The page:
Bottom line is that the drug war isn't working now. So an alternative approach is required. Your only argument has been against heroin, whereas for me, its simply an example.

    Sure, heroin is dangerous, but just like Jack Flack said, its dangers would vary even more without government regulation.

    Either way, it doesn't matter to me whether or not heroin is legal or not. I wouldn't be caught dead using it. But it doesn't bother me if it was legal.

    A heroin epidemic? Please. I highly doubt that it would happen, and if it did, it wouldn't be anything like the Opium Wars in China.

    Out of curiosity, in the case of a heroin epidemic, what do you think would be the results? What would that mean for the rest of us? I'm really just picturing a higher number of heroin users that don't really endanger anyone but themselves for the most part. And as far as that is concerned, I don't care. If you're picturing something different, let me know and I'd be glad to offer a solution in the case that one would arise, though I highly doubt it would be of apocalyptical proportions.

    Another idea, a regulation of hard drug users (and to a lesser extent softer drug users) would be depending on the amount an individual uses, etc.; that would determine how much government paid healthcare one would receive.

    This idea didn't come from me. It came from motorcyclists who wish to ride motorcycles without a helmet. This is the solution they came up with. In order to ride without a helmet, they wish to forfeit government paid healthcare.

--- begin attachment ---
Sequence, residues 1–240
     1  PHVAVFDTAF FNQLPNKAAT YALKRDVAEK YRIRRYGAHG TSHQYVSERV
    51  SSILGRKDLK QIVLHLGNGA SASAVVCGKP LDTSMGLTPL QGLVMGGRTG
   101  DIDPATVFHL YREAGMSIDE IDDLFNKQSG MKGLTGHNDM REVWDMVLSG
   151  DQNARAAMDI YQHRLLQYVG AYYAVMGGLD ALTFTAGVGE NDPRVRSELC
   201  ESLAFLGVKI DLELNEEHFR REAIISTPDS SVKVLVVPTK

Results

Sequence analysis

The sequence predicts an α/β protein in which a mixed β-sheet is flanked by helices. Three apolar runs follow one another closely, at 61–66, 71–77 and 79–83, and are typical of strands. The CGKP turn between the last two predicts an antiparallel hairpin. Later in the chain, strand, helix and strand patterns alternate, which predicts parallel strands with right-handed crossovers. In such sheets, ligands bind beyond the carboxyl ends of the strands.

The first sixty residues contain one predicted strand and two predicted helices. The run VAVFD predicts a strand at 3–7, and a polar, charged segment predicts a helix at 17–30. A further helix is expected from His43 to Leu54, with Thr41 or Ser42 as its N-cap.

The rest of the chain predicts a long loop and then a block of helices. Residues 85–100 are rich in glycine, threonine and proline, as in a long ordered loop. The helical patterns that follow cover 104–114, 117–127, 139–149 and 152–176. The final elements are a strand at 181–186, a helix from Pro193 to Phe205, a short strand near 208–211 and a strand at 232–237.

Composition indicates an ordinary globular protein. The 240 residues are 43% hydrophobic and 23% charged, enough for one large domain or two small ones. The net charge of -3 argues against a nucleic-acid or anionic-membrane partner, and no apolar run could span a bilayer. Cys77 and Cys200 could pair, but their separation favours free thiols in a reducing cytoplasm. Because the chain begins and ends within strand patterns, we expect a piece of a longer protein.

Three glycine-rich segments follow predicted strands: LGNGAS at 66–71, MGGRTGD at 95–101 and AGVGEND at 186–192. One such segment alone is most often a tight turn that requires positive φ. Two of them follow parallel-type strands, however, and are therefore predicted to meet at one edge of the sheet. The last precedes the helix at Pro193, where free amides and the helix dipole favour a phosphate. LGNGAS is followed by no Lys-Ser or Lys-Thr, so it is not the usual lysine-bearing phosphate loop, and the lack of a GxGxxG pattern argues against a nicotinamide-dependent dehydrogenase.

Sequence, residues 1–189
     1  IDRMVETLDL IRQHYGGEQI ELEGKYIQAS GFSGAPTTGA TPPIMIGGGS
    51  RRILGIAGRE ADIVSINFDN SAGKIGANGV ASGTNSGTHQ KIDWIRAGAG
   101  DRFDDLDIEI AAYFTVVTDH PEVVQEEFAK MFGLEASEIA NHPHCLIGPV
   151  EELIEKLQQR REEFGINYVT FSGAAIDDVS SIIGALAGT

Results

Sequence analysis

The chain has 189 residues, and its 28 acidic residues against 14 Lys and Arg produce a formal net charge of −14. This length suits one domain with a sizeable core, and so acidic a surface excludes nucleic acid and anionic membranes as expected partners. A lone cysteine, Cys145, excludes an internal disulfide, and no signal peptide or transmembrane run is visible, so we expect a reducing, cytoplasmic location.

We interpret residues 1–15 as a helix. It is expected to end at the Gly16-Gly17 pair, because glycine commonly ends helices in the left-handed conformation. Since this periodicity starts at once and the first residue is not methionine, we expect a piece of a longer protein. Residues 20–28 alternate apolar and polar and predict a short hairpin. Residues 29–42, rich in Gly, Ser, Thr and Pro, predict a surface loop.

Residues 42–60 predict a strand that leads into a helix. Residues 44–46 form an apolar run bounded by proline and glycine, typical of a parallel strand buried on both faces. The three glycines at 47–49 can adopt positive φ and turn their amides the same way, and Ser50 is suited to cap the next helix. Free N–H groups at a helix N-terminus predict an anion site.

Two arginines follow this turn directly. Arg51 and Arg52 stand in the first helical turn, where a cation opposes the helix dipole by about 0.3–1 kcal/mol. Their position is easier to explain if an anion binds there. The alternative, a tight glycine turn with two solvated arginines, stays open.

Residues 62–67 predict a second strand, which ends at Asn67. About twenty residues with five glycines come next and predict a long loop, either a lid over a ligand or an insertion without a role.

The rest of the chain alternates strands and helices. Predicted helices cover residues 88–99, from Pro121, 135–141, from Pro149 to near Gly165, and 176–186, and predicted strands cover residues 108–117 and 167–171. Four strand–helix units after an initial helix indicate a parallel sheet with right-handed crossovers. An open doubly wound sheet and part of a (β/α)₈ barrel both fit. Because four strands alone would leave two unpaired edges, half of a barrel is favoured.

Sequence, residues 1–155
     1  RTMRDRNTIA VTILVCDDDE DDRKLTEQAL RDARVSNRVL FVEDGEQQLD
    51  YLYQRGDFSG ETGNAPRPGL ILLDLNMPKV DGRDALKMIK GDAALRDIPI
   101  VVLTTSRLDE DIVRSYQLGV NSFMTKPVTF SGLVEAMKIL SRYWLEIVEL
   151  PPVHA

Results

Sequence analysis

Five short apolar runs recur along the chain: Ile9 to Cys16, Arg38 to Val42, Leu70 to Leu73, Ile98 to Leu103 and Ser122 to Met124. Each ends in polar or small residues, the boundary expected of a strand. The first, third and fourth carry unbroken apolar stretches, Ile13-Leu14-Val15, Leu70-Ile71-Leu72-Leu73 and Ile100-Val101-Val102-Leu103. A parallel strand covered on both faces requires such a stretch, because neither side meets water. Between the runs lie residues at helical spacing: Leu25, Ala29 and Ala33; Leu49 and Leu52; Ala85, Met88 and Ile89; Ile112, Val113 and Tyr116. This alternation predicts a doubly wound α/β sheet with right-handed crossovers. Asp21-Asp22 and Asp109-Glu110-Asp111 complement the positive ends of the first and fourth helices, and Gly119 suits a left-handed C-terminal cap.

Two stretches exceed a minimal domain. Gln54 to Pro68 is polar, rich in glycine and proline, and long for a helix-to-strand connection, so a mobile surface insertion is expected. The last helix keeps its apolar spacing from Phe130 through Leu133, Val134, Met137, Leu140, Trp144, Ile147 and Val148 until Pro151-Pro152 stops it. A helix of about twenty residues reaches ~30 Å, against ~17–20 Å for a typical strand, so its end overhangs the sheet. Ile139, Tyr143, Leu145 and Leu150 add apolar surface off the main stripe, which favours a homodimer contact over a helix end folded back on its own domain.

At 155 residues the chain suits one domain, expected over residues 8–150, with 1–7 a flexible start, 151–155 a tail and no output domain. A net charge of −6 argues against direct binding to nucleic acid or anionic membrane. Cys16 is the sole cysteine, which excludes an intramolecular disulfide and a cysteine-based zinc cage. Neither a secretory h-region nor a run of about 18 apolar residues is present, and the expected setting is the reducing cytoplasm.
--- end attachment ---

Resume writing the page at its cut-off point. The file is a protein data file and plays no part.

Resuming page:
A similar regulation could also be implemented for hard drug users. Just an idea.

  5. #55
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    Quote Originally Posted by ajblaise View Post
    With drugs like heroin, just think about how much more people will try it and become addicted compared to keeping heroin in the back alleys. Prices would drop, availability would skyrocket, there would be 13 year old middle school junkie cliques instead of little pothead groups.
    Maybe. Maybe not. In any case, I don't really care. If they choose to ruin their lives, then I say go for it. They'll get busted for violating the age regulation, and that will be the end of it. Juvie rehab centers will still profit, sure enough.

    Using hard drugs still have consequences, long and short term and employers (such as government work) won't hire you if you've done drugs that will have long term consequences that will inhibit your job performance.

    I would say in the case of children, drug education would be a must, the same with sex education.

    Of course there will be an age regulation, but just like alcohol, there would be those that find access to hard drugs.